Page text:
So if dual agency is bad, why wouldn’t an auctioneer simply execute absentee bids directly to avoid assuming that position? Many do. The downside to the practice of direct execution is that it discourages bidding. A bidder doesn’t want to pay any more than necessary for an item. If an auctioneer’s policy is to directly execute the bids, the bidder has an incentive to bid as low as possible because he doesn’t want to risk paying any more than necessary to win an item.
If an auctioneer’s policy is to execute bids competitively, a bidder no longer has an incentive to bid low. A bidder can bid higher, resting assured that the auctioneer will bid just enough to win the item, just as the bidder would do were he at the auction himself.
It seems clear, then, that direct execution is in the interests of the seller and competitive execution is in the interests of the buyer. Since the auctioneer works for the seller, and since there is a possible legal issue with preventing the dual agency found with competitive execution, why don’t all auctioneers execute bids directly?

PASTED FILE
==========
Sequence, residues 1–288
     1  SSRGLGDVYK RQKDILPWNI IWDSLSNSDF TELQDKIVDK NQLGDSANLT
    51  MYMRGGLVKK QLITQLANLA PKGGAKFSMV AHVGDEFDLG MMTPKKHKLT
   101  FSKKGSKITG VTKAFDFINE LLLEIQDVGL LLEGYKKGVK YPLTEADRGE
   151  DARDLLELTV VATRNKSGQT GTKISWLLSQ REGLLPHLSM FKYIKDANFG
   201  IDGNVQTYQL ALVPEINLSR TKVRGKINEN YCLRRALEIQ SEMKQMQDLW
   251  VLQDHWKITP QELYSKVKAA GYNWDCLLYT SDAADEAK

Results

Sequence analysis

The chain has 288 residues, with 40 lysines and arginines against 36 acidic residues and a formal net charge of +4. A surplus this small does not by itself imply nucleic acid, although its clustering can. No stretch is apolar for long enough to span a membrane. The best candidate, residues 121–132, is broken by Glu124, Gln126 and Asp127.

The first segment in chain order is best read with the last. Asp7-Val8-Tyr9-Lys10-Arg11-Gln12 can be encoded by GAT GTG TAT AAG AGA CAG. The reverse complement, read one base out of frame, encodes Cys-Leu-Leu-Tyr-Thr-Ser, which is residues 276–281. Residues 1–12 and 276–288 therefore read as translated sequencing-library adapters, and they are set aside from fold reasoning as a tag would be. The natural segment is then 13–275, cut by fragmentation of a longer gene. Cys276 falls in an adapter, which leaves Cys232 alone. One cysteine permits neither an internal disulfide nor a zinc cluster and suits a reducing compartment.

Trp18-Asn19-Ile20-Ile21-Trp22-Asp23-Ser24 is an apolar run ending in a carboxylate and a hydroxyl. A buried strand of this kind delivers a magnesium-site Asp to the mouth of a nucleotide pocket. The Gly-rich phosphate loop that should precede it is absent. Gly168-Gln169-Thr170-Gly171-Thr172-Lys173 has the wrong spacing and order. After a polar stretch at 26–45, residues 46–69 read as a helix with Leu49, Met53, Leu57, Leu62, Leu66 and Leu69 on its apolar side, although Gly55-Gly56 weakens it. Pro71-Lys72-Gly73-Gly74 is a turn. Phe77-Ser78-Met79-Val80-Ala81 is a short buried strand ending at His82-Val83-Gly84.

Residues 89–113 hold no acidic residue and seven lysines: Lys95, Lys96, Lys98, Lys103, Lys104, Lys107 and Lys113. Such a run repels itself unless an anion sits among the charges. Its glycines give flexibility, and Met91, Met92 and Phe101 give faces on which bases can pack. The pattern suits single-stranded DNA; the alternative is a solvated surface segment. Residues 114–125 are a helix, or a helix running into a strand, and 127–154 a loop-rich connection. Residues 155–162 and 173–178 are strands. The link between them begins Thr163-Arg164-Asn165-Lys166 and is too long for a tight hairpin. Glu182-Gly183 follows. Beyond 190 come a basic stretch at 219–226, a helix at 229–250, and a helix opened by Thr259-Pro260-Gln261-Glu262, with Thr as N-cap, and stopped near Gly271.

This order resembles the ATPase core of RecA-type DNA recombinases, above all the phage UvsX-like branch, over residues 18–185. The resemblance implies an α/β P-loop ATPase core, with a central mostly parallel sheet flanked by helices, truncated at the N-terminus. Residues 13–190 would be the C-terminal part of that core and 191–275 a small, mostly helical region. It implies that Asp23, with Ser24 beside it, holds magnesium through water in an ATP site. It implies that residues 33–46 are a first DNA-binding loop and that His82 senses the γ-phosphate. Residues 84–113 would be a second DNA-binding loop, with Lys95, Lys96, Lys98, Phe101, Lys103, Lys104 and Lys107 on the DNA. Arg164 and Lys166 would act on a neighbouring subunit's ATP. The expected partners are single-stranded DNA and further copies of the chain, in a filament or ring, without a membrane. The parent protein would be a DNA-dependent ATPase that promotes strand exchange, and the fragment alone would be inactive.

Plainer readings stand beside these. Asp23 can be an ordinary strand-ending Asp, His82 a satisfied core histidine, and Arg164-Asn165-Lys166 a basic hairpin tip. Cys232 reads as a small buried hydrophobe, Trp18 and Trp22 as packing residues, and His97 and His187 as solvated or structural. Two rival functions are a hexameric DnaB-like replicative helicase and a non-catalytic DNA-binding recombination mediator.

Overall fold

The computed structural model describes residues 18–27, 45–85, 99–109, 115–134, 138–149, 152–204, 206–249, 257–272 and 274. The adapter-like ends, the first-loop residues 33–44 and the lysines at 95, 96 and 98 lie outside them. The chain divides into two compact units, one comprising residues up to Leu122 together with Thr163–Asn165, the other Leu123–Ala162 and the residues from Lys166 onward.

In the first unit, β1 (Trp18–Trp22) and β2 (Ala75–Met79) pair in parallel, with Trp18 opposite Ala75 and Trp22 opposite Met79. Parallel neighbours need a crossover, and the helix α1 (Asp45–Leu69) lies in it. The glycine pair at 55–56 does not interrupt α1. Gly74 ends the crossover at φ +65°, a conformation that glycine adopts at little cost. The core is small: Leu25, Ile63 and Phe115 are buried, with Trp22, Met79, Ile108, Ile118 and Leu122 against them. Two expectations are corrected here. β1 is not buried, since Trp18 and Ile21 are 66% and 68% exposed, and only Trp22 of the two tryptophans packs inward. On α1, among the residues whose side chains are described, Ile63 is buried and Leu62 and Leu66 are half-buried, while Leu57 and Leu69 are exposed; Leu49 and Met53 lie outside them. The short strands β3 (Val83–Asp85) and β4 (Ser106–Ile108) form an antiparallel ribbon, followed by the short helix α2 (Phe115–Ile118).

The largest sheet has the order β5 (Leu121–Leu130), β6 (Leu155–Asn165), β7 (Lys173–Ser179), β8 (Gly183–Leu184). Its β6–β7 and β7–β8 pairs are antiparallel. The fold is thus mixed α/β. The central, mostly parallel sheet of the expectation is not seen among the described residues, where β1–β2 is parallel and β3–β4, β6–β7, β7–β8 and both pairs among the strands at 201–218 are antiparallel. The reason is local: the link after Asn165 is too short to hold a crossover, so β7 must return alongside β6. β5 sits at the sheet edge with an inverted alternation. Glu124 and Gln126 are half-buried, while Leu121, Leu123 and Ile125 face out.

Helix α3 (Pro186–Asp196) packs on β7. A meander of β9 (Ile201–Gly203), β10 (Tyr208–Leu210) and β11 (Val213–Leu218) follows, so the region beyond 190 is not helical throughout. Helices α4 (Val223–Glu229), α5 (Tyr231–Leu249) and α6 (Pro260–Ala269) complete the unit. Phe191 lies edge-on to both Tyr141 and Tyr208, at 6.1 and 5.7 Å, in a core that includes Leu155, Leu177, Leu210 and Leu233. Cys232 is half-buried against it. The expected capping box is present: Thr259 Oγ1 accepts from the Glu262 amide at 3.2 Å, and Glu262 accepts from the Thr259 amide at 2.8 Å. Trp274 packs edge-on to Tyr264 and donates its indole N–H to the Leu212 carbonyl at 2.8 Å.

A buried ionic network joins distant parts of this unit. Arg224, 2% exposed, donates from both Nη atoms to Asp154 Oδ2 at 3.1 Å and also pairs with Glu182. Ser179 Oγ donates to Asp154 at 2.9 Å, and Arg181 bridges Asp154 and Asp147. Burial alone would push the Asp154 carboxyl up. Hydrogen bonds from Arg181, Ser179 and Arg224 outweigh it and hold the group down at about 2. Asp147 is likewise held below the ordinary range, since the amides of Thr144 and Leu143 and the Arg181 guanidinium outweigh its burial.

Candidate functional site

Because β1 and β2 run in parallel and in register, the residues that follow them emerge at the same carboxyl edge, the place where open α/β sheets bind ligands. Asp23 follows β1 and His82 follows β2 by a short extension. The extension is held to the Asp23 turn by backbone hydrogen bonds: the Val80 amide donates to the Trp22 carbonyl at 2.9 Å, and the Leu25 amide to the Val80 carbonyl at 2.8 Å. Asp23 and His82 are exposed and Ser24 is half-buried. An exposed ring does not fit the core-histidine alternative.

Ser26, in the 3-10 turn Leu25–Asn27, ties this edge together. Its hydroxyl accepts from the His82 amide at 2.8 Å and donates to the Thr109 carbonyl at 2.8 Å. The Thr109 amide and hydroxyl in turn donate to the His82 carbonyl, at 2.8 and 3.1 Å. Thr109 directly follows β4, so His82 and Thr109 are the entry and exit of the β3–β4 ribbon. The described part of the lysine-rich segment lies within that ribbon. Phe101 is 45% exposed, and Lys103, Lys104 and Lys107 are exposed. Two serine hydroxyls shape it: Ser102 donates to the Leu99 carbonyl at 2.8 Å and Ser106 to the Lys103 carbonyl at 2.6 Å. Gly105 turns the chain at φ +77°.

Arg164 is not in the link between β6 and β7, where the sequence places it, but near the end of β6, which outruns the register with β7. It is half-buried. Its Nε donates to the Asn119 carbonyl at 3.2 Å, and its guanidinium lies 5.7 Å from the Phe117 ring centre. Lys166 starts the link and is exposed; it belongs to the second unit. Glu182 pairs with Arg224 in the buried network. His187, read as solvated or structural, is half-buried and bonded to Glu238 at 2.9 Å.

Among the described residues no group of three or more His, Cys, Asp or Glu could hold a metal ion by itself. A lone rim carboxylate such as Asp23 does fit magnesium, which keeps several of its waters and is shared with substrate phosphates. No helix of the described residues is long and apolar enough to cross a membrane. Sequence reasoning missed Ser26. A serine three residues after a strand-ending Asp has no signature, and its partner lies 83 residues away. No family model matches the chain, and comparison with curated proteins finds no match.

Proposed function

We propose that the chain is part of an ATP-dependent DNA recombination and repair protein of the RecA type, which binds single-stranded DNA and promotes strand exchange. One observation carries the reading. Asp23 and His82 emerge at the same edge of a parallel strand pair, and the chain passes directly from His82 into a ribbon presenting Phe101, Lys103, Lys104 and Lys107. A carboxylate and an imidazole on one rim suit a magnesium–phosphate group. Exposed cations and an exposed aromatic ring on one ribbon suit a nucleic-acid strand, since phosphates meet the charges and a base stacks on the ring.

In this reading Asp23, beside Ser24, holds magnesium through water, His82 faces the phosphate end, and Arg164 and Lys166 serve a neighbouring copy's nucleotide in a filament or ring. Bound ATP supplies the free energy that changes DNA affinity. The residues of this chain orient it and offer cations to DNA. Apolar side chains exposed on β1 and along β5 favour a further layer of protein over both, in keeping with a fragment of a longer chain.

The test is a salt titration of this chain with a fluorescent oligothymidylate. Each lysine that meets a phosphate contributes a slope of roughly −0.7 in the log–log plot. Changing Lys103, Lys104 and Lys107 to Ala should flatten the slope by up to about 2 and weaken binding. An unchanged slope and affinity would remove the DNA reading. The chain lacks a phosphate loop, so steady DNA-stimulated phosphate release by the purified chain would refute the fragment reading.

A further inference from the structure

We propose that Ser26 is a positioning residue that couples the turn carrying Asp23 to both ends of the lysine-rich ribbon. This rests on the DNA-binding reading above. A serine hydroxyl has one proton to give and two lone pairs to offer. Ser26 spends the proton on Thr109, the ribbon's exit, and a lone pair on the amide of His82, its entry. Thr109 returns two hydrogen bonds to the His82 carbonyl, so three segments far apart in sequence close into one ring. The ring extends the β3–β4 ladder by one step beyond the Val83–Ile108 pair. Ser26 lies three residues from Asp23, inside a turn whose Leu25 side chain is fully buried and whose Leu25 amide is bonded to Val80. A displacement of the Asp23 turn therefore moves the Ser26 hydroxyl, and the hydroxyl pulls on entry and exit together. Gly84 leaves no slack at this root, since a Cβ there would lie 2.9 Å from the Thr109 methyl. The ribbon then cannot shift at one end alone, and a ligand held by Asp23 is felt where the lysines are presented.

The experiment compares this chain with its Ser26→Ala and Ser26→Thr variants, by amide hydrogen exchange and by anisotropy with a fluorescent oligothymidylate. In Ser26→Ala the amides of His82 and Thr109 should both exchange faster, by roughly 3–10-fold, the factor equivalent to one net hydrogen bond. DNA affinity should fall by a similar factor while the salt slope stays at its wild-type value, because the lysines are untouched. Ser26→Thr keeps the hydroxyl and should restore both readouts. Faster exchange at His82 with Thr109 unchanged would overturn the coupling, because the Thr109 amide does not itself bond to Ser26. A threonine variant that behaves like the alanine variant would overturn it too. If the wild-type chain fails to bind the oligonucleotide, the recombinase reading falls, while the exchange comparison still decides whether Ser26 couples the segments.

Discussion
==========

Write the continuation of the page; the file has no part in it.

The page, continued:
Within the scope of one item for one seller, the choice is clear and the auctioneer has the obligation to obtain the highest price possible. Suppose, however, that the seller has 10 items. A competitive bidding policy encourages several absentee bids to be placed on each item. While some of the items may sell for less than the maximum bids, the aggregate sum of all the items is more because of the increased bidding activity. When the scope is expanded beyond one item for one seller to include all the items from one or more sellers in an auction, it is clear that competitive bidding encourages participation and more, higher absentee bids, eventually resulting in a higher aggregate sales price for the seller.